Recently, we’ve started to see metal stamping and forming jobs come back “onshore” from, amongst other places, Asia and Mexico. In one case, the issue was reliable supply chains (see the next 3 articles about bottlenecks at the major North American Pacific Ocean ports).
In another case, quality was an issue.
In a third case, the amount of supervision required to ensure quality wiped out the expected savings.
We also have heard recent news of interest rate hikes, infrastructure problems, energy shortages and potential econological problems in some of these areas (many of these issues were reported in this BLOG). Add to this the pressure China in particular is under to let their currency float, and we are left with a very unpredictable delivery and cost environment to be outsourcing production into.
Perhaps the jobs shouldn’t have moved offshore in the first place.
We, like many suppliers, are under near-constant pressure to reduce the cost of our parts. We see many parts which make inefficient use of resources, either raw materials, post-processing, machine time or downstream resources like assembly time on the line.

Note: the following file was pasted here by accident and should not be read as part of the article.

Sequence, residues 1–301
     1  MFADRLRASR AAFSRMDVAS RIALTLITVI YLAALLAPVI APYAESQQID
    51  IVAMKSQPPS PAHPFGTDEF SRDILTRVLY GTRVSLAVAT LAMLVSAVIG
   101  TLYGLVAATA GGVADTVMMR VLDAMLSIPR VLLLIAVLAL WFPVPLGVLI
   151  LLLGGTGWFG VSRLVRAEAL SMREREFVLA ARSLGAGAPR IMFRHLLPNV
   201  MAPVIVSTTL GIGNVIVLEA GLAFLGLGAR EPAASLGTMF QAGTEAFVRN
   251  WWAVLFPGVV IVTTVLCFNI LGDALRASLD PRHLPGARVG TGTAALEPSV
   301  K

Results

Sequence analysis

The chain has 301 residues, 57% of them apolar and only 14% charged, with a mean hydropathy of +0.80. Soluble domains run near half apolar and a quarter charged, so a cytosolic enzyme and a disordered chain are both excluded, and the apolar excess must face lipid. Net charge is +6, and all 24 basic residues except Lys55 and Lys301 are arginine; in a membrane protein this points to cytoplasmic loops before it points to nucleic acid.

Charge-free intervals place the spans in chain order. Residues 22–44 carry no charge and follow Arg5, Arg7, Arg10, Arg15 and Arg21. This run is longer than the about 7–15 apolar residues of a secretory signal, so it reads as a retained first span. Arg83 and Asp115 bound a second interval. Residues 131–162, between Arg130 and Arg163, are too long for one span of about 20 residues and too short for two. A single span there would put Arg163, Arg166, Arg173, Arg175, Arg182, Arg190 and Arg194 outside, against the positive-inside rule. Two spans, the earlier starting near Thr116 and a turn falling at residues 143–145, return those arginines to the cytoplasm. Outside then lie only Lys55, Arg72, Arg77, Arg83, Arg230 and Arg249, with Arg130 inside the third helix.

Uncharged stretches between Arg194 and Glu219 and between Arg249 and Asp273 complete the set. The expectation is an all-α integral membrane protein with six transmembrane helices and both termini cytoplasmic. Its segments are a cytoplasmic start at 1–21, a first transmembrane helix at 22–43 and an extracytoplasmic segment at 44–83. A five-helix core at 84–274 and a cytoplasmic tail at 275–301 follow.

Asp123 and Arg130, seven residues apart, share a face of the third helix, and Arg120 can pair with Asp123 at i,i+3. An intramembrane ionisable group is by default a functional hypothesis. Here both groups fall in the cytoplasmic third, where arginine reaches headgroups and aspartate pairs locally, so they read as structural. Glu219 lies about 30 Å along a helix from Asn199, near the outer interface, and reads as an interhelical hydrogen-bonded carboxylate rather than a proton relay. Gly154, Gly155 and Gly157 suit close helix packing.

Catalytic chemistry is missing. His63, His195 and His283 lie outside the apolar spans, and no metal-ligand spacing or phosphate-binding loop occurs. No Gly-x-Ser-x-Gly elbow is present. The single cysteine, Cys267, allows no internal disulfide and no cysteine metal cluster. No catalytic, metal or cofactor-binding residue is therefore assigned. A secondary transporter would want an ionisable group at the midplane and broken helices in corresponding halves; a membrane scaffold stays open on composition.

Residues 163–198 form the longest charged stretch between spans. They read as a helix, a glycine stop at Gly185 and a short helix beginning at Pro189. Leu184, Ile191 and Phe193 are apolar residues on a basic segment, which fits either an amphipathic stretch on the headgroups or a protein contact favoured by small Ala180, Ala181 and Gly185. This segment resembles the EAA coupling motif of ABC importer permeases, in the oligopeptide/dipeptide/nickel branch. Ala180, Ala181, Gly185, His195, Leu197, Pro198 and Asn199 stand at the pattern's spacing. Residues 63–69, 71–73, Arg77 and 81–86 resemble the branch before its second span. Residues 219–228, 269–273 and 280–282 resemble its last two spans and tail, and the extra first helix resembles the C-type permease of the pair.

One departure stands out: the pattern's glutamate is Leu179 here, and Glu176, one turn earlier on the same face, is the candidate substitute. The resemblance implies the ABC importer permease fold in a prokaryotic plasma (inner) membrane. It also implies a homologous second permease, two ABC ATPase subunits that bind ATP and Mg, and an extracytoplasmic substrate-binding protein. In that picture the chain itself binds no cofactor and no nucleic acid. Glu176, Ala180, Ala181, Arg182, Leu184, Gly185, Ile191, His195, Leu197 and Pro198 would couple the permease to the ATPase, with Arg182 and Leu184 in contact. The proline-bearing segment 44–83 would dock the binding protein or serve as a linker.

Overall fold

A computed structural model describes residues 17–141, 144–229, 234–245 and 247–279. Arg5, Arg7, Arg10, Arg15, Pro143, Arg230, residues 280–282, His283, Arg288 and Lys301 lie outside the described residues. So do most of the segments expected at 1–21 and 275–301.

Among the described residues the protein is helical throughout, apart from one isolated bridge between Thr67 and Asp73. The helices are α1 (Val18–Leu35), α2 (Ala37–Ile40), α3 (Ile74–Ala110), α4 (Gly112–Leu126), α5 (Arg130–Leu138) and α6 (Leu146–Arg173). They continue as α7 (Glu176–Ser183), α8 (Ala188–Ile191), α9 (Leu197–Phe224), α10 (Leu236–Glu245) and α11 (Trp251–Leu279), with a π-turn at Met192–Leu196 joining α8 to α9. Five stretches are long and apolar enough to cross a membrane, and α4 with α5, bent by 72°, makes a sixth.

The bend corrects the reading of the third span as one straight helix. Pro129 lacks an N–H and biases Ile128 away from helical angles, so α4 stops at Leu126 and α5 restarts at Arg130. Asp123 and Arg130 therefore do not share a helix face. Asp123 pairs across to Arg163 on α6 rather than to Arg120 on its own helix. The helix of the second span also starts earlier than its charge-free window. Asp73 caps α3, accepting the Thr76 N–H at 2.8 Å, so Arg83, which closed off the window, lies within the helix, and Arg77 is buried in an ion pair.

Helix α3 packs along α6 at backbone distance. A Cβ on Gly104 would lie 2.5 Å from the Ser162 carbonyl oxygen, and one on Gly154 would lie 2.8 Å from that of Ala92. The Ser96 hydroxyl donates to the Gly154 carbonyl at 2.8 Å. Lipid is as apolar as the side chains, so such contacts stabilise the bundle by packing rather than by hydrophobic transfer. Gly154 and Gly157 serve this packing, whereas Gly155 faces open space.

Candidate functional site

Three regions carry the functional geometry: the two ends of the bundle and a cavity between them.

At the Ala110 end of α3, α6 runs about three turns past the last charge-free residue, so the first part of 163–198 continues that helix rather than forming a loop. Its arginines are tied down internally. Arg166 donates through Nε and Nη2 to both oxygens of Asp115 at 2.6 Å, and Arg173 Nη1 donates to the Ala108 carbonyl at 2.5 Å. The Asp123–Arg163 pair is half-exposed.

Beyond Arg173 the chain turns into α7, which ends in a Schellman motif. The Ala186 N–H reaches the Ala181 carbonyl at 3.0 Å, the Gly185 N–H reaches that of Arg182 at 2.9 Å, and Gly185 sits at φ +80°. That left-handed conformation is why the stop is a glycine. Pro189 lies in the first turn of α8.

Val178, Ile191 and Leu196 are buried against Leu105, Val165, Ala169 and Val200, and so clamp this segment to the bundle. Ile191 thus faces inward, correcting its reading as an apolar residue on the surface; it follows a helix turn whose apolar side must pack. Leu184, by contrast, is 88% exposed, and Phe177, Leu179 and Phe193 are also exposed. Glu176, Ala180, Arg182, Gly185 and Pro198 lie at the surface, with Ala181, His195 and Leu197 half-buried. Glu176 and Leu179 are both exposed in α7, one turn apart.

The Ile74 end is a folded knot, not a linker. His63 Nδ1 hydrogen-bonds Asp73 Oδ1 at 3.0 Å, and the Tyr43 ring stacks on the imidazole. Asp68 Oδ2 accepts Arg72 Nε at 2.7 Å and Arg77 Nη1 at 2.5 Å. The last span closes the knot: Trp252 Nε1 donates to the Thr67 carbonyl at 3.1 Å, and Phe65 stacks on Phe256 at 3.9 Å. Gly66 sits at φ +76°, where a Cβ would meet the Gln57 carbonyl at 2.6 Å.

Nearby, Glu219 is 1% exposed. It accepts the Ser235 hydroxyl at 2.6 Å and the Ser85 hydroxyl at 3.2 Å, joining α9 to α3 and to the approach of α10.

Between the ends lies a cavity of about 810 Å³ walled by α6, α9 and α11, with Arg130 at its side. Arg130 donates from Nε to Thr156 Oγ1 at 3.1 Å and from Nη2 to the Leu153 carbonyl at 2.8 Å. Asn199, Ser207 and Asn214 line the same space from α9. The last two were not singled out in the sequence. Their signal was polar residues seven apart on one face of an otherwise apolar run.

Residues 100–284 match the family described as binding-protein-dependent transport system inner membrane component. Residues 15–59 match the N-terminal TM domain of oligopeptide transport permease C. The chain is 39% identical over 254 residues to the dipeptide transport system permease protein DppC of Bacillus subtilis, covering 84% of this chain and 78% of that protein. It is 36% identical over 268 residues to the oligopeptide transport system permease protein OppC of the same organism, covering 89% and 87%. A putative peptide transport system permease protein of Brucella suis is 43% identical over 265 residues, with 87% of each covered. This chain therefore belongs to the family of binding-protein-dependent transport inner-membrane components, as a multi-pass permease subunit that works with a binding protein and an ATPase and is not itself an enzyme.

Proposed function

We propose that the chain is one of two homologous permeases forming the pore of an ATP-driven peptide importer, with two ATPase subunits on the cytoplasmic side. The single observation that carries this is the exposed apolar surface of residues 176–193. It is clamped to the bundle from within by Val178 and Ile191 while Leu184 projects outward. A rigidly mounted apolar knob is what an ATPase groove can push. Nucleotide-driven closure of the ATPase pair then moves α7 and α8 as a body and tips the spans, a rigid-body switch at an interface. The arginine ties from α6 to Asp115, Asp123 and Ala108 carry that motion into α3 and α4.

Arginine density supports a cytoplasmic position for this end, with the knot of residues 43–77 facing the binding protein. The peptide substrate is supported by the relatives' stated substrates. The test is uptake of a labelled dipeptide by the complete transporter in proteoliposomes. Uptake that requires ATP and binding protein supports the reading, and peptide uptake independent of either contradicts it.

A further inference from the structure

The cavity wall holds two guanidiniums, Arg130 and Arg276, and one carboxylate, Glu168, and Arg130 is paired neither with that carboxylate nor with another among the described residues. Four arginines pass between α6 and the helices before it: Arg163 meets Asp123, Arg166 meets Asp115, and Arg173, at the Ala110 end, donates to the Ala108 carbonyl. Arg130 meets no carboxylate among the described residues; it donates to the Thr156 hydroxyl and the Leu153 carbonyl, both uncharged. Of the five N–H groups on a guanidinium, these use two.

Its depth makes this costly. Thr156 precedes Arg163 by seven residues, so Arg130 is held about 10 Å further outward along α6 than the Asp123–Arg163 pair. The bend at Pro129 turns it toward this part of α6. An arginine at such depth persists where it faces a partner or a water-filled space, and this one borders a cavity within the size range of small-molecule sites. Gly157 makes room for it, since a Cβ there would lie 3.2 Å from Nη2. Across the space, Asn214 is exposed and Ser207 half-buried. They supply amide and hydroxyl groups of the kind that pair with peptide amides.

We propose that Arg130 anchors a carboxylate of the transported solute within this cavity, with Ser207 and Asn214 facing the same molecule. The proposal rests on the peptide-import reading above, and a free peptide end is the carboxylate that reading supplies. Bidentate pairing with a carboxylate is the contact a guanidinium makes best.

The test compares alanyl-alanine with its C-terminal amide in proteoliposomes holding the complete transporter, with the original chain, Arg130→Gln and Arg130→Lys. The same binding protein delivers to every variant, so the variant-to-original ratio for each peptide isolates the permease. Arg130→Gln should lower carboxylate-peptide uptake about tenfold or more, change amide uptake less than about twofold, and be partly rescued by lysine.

Time and again, we see these parts, not redesigned to make better use of resources, but rather merely re-sourced to a place where wastefulness can be accomplished more cheaply.
That is, the scrap material or the wasted time is not reduced, it is merely achieved at a lower labour cost.
So it perked up our ears when we ran across this article in CRM Buyer:
Before you commit to moving a segment of your corporation overseas, pour your energy into significantly improving it. You may find that your efforts make the operation so cost-effective and so high-quality that you don’t have to send it overseas. Either way, your improvement efforts will not have been wasted, says author Tom Devane.
Communication lapses, quality shortfalls, poor connection with customers — these problems and others plague manufacturers who have taken the offshoring leap. And in the end, says a leading process improvement consultant, many companies discover that it would have paid to look a little closer before they leapt.